Monday, June 22, 2009
Well in the past week I've read Pearl by Mary Gordon, Harvest and The Surgeon by Tess Gerritsen (internist turned mystery writer) and The Tempest Tales by Walter Mosely.
The Tempest Tales wasn't the best but the premise of the story was interesting. A black man is killed by the police in a case of mistaken identity. When he gets to St. Peter he is told he has to go to hell because of some of the things he's done. He refuses which upsets everyone because up until now no-one has questioned a sentence. As a result an accounting Angel is sent down to earth to live as a mortal and Tempest is returned to earth in another body to convince the Angel that he should not go to hell. Everything is progressing in an interesting manner until Basel Bob shows up to add another threat to Tempest and the Angel named Joshua.
Tess Gerritsen is a former MD who writes mystery novels set in the medical community. I found her by wandering around in the fiction section looking for a mystery writer with a long line of books.(I've read all of Sara Paretsky's books including the essays and Bloody Kansas; all the Sherri S. Tepper's and Lia Matera's Roger L. Simon's and almost all the Walter Mosely's so I am desperate.) I read Harvest first because it was her first book and planned to continue in chronological order but at a Flea Market over the weekend I found The Surgeon. This is her sixth book and moved a lot faster than the first one. I am going back to the library for more today. I don't even want to tell you the plots because even a few sentences could spoil them for you.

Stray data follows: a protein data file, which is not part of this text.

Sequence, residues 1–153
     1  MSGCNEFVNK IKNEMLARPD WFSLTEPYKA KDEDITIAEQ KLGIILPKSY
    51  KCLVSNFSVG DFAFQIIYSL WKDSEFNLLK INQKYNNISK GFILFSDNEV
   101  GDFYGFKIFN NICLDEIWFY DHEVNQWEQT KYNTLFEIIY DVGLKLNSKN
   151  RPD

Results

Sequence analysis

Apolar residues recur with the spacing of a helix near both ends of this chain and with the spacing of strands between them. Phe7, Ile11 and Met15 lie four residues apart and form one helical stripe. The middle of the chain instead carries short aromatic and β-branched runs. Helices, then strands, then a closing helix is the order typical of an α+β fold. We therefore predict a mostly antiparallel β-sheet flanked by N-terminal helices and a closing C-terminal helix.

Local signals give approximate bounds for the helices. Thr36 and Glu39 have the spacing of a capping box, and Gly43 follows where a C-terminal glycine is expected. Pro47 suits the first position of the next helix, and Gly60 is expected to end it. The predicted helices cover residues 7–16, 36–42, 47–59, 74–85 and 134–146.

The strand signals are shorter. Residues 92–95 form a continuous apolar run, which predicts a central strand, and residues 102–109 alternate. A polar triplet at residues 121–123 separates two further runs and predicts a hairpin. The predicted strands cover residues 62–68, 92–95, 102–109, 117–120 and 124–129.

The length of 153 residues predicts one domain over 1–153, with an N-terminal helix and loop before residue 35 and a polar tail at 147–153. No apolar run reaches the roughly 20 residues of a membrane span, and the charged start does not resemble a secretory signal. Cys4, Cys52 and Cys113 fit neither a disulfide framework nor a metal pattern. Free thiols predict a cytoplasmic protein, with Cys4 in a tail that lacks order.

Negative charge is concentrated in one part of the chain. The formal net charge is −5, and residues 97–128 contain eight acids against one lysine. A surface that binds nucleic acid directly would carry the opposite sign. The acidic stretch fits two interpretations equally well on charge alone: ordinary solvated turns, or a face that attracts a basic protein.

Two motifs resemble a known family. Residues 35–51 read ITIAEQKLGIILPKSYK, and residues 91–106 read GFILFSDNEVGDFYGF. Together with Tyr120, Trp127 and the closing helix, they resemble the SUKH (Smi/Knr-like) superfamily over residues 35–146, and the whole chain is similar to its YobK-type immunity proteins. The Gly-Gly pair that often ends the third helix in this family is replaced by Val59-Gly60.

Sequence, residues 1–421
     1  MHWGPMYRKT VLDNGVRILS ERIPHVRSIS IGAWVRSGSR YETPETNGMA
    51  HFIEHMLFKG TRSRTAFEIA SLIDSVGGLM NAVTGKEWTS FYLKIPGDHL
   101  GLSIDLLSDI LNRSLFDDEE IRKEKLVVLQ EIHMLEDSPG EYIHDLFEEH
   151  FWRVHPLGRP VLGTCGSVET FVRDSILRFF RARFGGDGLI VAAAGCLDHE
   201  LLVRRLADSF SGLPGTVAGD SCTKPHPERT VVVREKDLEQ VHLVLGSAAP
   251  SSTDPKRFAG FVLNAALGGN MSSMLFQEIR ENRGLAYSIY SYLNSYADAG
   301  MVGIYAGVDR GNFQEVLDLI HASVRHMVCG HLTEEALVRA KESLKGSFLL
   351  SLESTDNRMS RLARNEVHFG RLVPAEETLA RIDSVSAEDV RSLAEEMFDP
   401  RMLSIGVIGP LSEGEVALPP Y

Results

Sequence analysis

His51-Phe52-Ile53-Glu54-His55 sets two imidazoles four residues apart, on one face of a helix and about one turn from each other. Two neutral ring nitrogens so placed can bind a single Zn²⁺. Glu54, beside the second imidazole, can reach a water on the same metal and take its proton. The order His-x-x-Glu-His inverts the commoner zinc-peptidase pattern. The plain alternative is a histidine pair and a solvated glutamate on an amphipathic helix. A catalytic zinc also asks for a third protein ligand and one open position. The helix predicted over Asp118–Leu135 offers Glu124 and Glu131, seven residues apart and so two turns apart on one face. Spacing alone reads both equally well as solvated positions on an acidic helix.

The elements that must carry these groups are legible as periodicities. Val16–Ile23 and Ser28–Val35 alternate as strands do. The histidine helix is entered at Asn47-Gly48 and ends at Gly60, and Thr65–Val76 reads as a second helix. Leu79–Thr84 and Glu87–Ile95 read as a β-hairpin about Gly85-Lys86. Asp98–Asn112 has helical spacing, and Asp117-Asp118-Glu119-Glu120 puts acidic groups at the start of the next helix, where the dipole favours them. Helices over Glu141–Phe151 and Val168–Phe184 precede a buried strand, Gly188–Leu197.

Pearl is the story of a young woman who goes on a hunger strike and chains herself to the American Embassy in Ireland after a friend dies. The other main characters are Pearls single forceful mother and the son of Pearl's father's former housekeeper who is also the executor of his will since Maria (Pearl's mother) and her father were not speaking at the time of his death. I thought Maria was going to get the short end of the stick since she comes across as a force of nature and people are normally put off by that but I was happy with the ending. It really made me cry though. I hope I never have to see my kids in the hospital with tubes all over them near death. I'm not all that familiar with the problems in Northern Ireland but the ethnic, political and religious backgrounds of the main characters meshing in that setting make an interesting story.
Posted by Diana Balot Frank at 10:09 AM